Not a Stranger, Still a Man

Chapter one of our book defines a stranger as someone whose house mom or dad have not been in.  As parents, we have all spent time or at least stepped into the homes of the children our kids are friends with.  Whether it’s dropping them off for a playdate, birthday party, or sleepover, opportunities are frequent for us to cross the threshold of another family’s home and take a look.  If things look calm, happy, and safe, guess what  – they almost always are.   But sometimes gray areas arise, even in homes that “check out” as safe.

What if your 9 or 10 year old daughter has a best friend named Brooke whose parents just got divorced.    Brooke spends alternating weekends with mom and dad, who from all appearances are upstanding decent people.  This year, Brooke’s birthday falls on a Saturday and it’s dad’s weekend.   Brooke really wants two or three of her best buddies to spend the night at her place to celebrate her birthday with her.   

You don’t have a problem with sleepovers – your daughter does it fairly often at homes you have been in yourself – but this is different because you are aware that the sleepover is going to happen over at Brooke’s dad’s place.   Three or four little girls in a house, alone with a man you have met before at school and dance class or swim team gatherings, a man who you’ve spoken to in passing before and feel at ease around.   You’ve seen nothing to indicate he’s a bad guy or anything less than a responsible loving parent.   Yet still… three or four little girls in a house, alone with a man, and despite knowing him, perhaps even having been in his house, something is throwing up a red flag in your mind.   Are you being overly paranoid?  Being prejudicial on no basis other than gender?   Wouldn’t it just be simpler for everybody if Brooke had her sleepover on mom’s weekend?   The problem is, Brooke’s birthday falls on dad’s weekend and there’s no way she’s going to be talked out of a sleepover on her birthday night, so what do you do?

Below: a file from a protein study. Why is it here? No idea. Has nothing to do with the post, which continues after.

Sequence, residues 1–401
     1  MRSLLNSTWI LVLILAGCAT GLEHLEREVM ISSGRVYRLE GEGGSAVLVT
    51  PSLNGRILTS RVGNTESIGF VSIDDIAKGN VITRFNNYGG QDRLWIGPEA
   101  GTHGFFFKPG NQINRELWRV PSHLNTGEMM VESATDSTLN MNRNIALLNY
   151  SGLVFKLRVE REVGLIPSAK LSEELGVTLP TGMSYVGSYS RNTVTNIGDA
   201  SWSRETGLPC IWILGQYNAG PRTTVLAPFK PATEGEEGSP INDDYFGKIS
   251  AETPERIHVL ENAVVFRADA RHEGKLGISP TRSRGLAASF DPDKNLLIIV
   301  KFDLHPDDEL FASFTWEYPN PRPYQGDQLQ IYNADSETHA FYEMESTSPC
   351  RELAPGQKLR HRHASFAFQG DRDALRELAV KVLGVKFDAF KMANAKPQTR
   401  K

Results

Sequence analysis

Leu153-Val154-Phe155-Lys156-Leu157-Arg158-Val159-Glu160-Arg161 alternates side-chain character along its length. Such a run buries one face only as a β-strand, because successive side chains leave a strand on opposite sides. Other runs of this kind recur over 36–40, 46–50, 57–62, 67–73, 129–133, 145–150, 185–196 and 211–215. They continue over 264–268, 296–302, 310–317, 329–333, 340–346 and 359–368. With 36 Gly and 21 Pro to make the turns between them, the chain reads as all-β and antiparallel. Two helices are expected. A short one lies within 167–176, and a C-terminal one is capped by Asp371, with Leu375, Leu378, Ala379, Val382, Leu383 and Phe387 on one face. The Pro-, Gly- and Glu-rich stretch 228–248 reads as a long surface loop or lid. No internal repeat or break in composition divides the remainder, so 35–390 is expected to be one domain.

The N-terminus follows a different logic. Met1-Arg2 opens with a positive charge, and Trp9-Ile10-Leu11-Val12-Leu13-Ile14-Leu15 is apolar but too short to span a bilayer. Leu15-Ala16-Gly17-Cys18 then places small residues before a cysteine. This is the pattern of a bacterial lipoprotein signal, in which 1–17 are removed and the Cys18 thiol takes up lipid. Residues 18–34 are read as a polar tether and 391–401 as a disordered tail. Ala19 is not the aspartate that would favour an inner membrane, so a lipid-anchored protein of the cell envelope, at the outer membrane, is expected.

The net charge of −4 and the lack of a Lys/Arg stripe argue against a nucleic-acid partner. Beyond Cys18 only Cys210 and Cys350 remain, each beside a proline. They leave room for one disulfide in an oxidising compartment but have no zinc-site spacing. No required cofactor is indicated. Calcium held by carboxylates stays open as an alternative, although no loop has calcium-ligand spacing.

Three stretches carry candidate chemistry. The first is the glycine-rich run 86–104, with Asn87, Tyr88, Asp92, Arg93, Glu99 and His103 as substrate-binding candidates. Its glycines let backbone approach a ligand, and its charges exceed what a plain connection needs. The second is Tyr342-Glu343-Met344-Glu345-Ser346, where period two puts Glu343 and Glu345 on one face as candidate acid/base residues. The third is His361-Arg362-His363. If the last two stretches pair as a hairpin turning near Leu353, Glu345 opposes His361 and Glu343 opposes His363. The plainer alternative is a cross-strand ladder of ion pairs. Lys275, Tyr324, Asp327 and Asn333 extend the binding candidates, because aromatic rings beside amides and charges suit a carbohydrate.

Here are some facts to consider.  Most sexual predators are men.   It’s not some unfair bad rap on men – it’s just a simple fact.   If given a choice to entrust your child to a man or woman (and all factors but gender being equal), the authors of BSD would recommend choosing the woman.   In our Brooke sleepover scenario, however, there is no choice – it’s dad’s house or nothing.    While it’s true most offenders are men, it’s also a fact that most fathers are good men.   While most men wisely defer to their ex-wives to host the sleepovers, there is nothing inherently wrong with a single father hosting a sleepover.  But this is a decision a caregiver of a child must make on their own, using their own good instincts and taking into account their level of comfort with that specific dad.    It’s perfectly okay to allow your child to go to Brooke’s sleepover.  It’s also perfectly okay to say no.  What do you think?

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